Why Social Media Screening is Unethical

Image from Google
Image from Google

With the recent addition of social media in the job recruitment process, companies have more information on job candidates, possibly too much information.

The introduction of social media in the recruitment process has led to many heated debates and after researching both sides of this debate, I believe job recruiters should not screen a candidate’s social media account during the recruitment process because of it is invasive to the job seeker and can quite possibly be illegal.

Social media screening is invasive to the candidates privacy. As the name entails, social media is designed for social and personal use, and so it should not be to a platform for recruiters to seek out professionalism. The purpose of Facebook and many other social media accounts is to be a place where people can interact with family and friends. So accessing  information on Facebook or any other social media site wouldn’t tell a recruiter how a candidate would perform on the job, so what entitles them access to it? There is no reason for them to seek out information about a candidate’s professionalism on Facebook because there’s LinkedIn for that. Also, the content posted on Facebook profiles isn’t something that candidates expect recruiters to see, because of its personal nature. So when recruiters do screen social media accounts, it’s seen as highly unprofessional. I mean who would want to work for a place that thinks it’s okay for them to pry into your personal life?  In fact, a study done by North Carolina State University researchers, reported that job candidates who found out that their social media profiles were being screened by recruiters were less likely to view the hiring process as honorable and less likely to take up the job offer.

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Image from Google

In some cases, social media screening is found to be illegal. When recruiters screen social media sites, like Facebook or Twitter, they may involuntarily uncover “protected class” information.  There are “federal and state laws that say an applicant’s protected class information; age, race, color, national origin, religion, gender, disability and veteran status cannot be considered when a company is screening job applicants”(Ohio State Bar Association). For instance, a candidate’s’ Facebook page can disclose information that a recruiter is not legally supposed to know during the recruitment, like the”protected class” information mentioned in the latter sentence. If it’s discovered that the recruiter ultimately relied on that information — intentionally or unintentionally — it could lead to discrimination lawsuits. Being exposed to “protected class information” can also introduce bias or prejudice into the hiring process, and can make it impossible for a recruiter to make objective, non-discriminatory hiring decisions. To avoid possible discrimination lawsuits and the possibility of having your biases negatively affect a candidate’s livelihood, it’s best for recruiters to avoid screening personal social media accounts.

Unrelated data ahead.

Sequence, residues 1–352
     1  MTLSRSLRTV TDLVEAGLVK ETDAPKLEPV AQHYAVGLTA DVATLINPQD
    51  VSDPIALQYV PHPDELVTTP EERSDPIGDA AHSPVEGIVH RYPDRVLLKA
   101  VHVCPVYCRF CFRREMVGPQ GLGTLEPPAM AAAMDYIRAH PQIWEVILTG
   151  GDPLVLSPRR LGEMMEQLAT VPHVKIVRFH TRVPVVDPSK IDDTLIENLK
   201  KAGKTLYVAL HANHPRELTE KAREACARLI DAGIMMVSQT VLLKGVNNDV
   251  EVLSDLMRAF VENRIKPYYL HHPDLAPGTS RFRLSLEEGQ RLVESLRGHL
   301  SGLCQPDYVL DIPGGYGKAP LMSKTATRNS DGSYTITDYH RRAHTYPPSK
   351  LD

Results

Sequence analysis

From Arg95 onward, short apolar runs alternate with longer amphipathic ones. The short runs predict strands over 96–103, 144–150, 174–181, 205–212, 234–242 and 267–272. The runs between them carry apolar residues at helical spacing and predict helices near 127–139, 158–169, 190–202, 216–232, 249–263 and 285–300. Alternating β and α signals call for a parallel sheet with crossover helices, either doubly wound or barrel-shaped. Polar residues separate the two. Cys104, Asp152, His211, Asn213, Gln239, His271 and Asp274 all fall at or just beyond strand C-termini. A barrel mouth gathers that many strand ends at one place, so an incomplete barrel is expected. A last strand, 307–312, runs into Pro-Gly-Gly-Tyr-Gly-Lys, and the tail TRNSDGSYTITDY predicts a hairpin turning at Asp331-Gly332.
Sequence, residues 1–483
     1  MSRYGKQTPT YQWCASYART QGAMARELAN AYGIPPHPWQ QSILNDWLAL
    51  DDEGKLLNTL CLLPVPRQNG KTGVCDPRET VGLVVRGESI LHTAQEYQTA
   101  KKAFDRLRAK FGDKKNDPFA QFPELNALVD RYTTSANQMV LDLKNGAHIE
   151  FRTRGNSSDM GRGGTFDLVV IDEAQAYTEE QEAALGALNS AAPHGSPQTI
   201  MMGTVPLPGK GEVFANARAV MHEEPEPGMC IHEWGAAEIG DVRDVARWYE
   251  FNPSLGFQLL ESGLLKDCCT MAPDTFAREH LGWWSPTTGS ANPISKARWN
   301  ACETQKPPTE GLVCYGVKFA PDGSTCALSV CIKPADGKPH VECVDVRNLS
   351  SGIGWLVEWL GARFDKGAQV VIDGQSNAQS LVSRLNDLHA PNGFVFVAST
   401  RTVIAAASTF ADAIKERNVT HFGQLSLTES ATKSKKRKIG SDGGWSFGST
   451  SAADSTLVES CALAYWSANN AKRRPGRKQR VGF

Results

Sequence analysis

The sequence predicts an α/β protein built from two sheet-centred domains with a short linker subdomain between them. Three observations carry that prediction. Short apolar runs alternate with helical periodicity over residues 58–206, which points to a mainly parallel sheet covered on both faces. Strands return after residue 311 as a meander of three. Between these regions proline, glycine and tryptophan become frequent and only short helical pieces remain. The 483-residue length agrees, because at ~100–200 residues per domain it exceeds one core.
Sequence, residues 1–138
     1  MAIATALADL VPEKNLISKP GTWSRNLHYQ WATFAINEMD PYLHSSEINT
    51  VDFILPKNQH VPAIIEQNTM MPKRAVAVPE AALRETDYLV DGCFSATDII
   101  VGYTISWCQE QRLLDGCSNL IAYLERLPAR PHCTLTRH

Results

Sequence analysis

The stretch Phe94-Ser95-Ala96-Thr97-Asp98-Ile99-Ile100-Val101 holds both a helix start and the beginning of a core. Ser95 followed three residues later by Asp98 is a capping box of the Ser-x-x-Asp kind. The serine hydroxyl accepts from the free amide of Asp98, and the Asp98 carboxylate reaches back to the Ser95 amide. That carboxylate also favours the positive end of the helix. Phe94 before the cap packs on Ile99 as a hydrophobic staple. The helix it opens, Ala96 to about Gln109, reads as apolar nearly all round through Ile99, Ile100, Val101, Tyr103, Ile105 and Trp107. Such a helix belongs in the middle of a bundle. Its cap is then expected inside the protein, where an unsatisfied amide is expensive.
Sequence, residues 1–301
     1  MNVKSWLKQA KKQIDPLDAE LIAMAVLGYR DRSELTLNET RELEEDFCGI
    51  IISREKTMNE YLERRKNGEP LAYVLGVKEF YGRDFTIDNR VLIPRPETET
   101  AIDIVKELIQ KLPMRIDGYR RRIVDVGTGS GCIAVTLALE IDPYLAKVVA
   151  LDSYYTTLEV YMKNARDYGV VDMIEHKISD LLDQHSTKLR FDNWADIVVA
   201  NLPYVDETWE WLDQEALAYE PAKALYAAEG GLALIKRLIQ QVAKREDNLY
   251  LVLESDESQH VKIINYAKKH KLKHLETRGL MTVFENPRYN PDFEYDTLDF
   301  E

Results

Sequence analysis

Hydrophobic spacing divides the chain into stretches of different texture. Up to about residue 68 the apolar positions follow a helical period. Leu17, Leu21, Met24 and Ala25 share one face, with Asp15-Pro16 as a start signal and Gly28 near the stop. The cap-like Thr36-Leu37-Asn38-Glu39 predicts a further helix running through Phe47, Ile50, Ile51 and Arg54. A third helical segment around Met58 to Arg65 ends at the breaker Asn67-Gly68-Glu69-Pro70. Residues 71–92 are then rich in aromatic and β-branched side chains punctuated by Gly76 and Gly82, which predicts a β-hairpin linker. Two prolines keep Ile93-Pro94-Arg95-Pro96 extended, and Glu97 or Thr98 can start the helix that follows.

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Image from Go-gulf

Although social media screening, as I mentioned in my post  “Recruiters Call For The Use Of Social Media,” can be used to find information about a candidate work ethic, after doing more research on the subject, I found out I was mislead because most of the social media screening being done are not inquiring about a candidate’s professionalism (which is what should be inquired about). Rather recruiters are focusing their evaluations and eliminating candidates if they “posted provocative/inappropriate photographs or information or if they was information about them drinking or using drugs” on social media accounts like Facebook and Twitter, which again are outlets meant for personal use and not for professional use. These sorts of inquiries have nothing to do with how the candidate performs at work and, therefore, should not be looked up or be the main influences that factor into a candidate’s evaluation.

It’s necessary for a candidate to feel safe in the work environment. So how can recruiters expect to have outstanding employees if they don’t trust them in the beginning? To create a healthy and safe work environment for job seekers and recruiters, recruiters/companies should altogether ban the screening of personal social media accounts(ie Facebook and Twitter) during job recruitment or create strict guidelines that protect the privacy of candidates and prevents discrimination.

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